World Bulletin / News Desk
Neset Ertas, Turkish folk music singer and lyrics writer, also nicknamed "the Plectrum of the Steppe" passed away on Tuesday.
76-year-old Ertaş had been in the hospital in Izmir for 17 days.
While in hospital, Ertaş often saw news on twitter about his death. He was rather upset about that and made an announcement on his website: “My dear admirers, I've learnt about my death from the news. Such groundless information makes me very upset. You can learn the truth about me here. Do not worry.”
WHO IS NEŞET ERTAŞ?
Neşer Ertaş was born in 1938 in Çiçekdağı, Kırşehir. He can be called a dervish poet, also known as the Plectrum of the Steppe. He comes from the Kırşehir's dervishes.
His father Muharrem Ertaş was also a musician and played saz. After his mother Döne died, he moved with his father and brothers to the village where he spent his childhood. When he was in primary school, Ertaş learned to play fiddle and later baglama – a three-stringed folk musical instrument. Together with his father Muharrem Ertaş, they started performing at local weddings, playing saz and singing türkü – Turkish folk songs. Ertaş later said that his father was his only strong influence. He would put it this way: “Me and my father are of the same spirit”.
WORKING AS AN ARTIST
Neşet Ertaş came to Istanbul in the late 1950s and recorded a türkü composed by his father named “Nightingale, why do you sing so strangely?”. The record was a great success, and other records and concerts followed. Later Neşet Ertaş moved to Ankara. Due to health problems he visited Germany upon the invitation of his brother. Ertaş stayed in Germany for quite a long time, composing and educating his children. He came back to the scene in 2000 when he gave a concert in Istanbul.
ERTAŞ DID NOT ACCEPT THE STATE ARTIST TITLE
Offered the title of the State Artist under the President Demirel, Ertaş declined the offer saying: “Süleyman Demirel was the President. I was offered the state artists title. I refused, saying that all of us were state artists, and only me having the title would discriminate others. Being the people's artist is my greatest happiness. I did not take a penny from the state, I only received a merit award from the Parliament once. I accepted it in the name of all our ancestors who served this culture.”
Recognized by UNESCO as a living human treasure, Ertaş was granted an Honorary Doctorate degree by the Istanbul Technical University Conservatory.
Millenial work by Ibn Sina were published in Turkish as a five-volume collection
In Turkey 121 verses poem, assumed the longest, found during an archeolgical research among the remains of inscriptions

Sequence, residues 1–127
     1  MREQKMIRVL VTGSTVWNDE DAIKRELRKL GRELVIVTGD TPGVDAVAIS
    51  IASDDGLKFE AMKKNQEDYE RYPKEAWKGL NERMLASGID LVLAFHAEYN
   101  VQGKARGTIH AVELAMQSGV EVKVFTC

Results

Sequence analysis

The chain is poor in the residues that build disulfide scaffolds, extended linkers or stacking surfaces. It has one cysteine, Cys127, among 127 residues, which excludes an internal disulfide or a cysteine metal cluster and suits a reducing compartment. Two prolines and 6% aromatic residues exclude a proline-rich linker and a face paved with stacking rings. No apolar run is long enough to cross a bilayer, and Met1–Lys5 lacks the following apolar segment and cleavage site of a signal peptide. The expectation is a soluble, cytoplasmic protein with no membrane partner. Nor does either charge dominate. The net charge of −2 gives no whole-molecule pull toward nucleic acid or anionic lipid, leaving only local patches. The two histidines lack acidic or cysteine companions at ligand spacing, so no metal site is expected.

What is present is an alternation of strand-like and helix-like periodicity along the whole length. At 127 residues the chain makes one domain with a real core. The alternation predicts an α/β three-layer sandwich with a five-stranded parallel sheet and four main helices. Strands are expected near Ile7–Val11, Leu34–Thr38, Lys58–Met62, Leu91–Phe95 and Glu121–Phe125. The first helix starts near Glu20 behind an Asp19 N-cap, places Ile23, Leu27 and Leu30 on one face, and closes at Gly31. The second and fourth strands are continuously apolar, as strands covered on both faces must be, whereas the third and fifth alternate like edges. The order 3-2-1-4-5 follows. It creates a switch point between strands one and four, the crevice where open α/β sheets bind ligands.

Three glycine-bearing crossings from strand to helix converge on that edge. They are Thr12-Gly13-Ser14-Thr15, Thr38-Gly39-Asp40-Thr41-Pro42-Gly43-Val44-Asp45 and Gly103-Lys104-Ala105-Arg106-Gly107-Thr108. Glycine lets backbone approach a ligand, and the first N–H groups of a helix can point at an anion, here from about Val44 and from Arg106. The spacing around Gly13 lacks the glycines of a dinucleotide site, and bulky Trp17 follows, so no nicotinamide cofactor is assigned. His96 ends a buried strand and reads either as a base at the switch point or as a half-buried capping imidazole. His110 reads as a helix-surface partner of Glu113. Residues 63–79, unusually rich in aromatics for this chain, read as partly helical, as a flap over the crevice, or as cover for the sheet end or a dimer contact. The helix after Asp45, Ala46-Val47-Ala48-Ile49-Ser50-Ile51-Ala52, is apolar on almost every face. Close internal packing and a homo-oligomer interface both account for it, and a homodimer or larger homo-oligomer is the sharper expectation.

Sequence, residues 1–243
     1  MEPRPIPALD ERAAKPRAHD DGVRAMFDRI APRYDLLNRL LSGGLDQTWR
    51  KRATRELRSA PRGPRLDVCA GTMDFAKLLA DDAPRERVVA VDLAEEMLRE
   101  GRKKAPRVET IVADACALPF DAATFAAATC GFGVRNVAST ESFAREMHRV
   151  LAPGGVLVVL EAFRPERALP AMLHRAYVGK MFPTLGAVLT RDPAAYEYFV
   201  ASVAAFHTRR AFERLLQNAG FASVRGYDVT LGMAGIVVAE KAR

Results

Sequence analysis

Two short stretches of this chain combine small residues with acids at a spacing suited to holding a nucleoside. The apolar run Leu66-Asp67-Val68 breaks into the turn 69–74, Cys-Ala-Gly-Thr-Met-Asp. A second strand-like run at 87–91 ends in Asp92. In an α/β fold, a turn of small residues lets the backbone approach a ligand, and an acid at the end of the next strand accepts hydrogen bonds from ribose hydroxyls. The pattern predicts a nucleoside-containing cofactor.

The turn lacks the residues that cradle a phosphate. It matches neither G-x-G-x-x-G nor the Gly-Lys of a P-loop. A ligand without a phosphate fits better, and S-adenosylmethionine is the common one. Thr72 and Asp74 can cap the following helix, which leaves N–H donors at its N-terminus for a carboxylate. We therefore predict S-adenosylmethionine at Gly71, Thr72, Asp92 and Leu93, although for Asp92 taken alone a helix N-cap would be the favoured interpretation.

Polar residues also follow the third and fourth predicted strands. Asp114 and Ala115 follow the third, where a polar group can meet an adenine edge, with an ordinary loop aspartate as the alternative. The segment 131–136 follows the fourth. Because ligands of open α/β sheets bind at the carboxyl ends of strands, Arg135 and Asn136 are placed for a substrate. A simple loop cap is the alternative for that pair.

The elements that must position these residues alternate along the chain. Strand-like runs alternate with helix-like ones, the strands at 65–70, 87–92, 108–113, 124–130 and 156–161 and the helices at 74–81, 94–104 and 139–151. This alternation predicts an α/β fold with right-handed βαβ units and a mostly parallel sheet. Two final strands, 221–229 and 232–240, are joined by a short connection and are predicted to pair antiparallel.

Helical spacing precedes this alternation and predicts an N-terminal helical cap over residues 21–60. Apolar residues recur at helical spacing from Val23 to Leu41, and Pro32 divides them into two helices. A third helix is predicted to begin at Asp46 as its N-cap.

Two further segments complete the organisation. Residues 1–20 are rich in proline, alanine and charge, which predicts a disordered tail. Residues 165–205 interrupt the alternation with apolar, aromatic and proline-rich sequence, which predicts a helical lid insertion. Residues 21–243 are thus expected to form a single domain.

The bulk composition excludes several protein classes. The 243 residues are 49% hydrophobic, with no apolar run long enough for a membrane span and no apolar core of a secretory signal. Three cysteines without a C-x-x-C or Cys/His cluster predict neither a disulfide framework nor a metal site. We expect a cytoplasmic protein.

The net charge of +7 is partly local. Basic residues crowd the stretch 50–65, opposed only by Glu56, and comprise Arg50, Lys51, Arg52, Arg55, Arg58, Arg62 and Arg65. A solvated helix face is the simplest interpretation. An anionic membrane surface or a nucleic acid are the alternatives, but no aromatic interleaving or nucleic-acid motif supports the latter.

The footages have offered significant insights about the socio-economic and political atmosphere of that time
One of the most important African specialists Ali Mazrui passed away in USA
After successfully ledding the independency movement, when Malaysia got independent in 1957, Abdurahman got the title of founding father of the country and became president.
The Vikings, of Scandinavian origin, made successive raids on Britain from the 8th to the 11th centuries, burying their valuables for safe-keeping
The first silent movies to be shot in the powerful pre-WW1 Ottoman Empire are to be screened in a new cinema exhibition in Turkey's largest city
Five leaves of rare Quran became a part of Yildiz Holding Art Collection
40,000 year old cave paintings in Sulawesi are same age as European daubings
Modiano's works have centred on memory, oblivion, identity and guilt that often take place during the German occupation of World War Two.
Gilan, located 15-min far away from Doburçan, a Turkish populated village welcomed many thousands of tourists who wants to see some historical artifacts
Turkish International Cooperation and Coordination Agency gives €150,000 to restore burnt archives
Iraq's heritage already suffered a major blow in the lawlessness and looting that followed the toppling of President Saddam Hussein by U.S.-led forces in 2003
Researchers ound different geometric shapes created using stones or sculpting on the ground - including squares, rings, crosses and swastikas - ranging from 90 to 400 meters in size.
UNESCO declared 2007 as the Year of Jalal al-Din Rumi to celebrate the 800th anniversary of his birth.
Turkish President Recep Tayyip Erdogan, who is in New York for the United Nations General Assembly, opened the exhibition that was brought from Istanbul last Sunday.